LAMG Takes $1,000 Prize at PitchBR
A proprietary polymer earned a $1,000 prize for Louisiana Multi-Functional Materials Group (LAMG) at PitchBR’s third event of 2019.
The smart sealant, developed by LSU professors Guoqiang Li and Lu Lu, is designed to fill joints in pavement without cracking or spilling over, a common problem for roads and infrastructure. Typically cement contracts in the cold, causing joint sealants to stretch and rupture, then the cement expands in the summer heat, forcing sealant up through the cracks.
Testing indicates that LAMG’s polymer addresses this problem and outpaces the leading asphalt- and silicone-based sealants. The polymer, distinguished by its propensity to expand in cold weather and contract in hot weather, could have vast uses outside of transportation infrastructure, Li and Lu say.
For now LAMG is targeting government entities responsible for repairing roads in Louisiana and elsewhere in the U.S. Testing is projected to wrap up in June 2020, with a product release in August 2020.
Each 10-minute pitch at PitchBR laid out a plan for success and a timeline for completion.
LAMG’s competition included Fundraising for All, the brainchild of Sharon Walker McCall, owner of Resource & Fund Development, and which is in the design and development stage.
McCall noted the shortage of nonprofit organizations in areas of Baton Rouge that are in great need. These organizations, she pointed out, are not viable without funding. The final Fundraising for All service is intended to be subscription-based software designed to aid nonprofits in learning and applying the principles of fundraising and stewardship.
Another competitor, WorkSpaceNow, seeks to tap into the gig and on-demand economy by pairing students and remote workers with available workspots in offices and coffee shops. The service was pitched by co-founders Lezlie Clerc Bertrand and Aaron Koenck.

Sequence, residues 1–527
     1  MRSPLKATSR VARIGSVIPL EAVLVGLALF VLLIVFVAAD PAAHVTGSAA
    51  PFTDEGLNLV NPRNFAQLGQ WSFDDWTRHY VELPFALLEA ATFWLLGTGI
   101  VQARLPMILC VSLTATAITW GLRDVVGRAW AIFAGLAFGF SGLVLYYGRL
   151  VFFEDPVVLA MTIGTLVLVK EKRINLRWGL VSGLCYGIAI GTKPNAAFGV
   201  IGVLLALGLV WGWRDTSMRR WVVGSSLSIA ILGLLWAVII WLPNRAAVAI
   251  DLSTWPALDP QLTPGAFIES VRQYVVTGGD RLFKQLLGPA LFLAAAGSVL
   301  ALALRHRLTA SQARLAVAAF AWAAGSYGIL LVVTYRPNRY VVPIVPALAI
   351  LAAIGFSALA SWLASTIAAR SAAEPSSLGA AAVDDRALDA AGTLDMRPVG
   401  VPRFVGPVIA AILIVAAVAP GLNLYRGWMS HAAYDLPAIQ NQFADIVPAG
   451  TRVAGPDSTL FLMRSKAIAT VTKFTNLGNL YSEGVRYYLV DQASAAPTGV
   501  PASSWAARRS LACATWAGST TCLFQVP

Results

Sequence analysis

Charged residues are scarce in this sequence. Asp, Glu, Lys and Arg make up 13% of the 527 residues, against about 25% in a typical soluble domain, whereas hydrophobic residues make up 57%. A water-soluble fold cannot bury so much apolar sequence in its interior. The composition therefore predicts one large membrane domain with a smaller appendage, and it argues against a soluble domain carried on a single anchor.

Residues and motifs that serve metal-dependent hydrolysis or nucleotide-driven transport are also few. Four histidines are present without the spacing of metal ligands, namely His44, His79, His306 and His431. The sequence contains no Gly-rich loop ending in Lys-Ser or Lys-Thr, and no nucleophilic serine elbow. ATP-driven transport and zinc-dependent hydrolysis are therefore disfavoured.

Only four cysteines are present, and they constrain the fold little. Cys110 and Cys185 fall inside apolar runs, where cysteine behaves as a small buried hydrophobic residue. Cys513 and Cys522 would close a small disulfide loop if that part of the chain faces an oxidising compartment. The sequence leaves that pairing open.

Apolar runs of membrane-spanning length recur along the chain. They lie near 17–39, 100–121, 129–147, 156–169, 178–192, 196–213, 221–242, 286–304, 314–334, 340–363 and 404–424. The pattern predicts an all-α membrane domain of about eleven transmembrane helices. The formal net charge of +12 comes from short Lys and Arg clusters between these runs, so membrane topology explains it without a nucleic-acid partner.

The subscription service is designed to meet a significant demand for coworking and study space that can’t be met by coffee shops alone, and to provide security for students and remote workers. Subscribers have the chance to reserve workspaces for up to two hours.
The pitches were evaluated by Noah Boudreaux, executive vice president of data center sales and operations at EATEL Business, Stacia Haynie, executive vice president and provost at LSU, and Brett Mason, an attorney with event co-sponsor Stone Pigman Walther Wittmann.
While the judges deliberated, a local high school student and graduate of the Young Entrepreneurs Academy presented his product, Reaction Relief. Charlie Roth says he invented the product in reaction to a running injury he sustained. Since traditional hot and cold packs were inaccessible on the track, Roth’s inability to alternate hot and cold relief appropriately prompted him to design the product.
Each Reaction Relief pack offers a one-time use as alternately a hot and a cold pack (one on each side), allowing athletes to utilize the physician-suggested hot and cold injury relief, even when on the field. Roth fielded questions regarding his product, and discussed his production costs, target market and plans for continued research.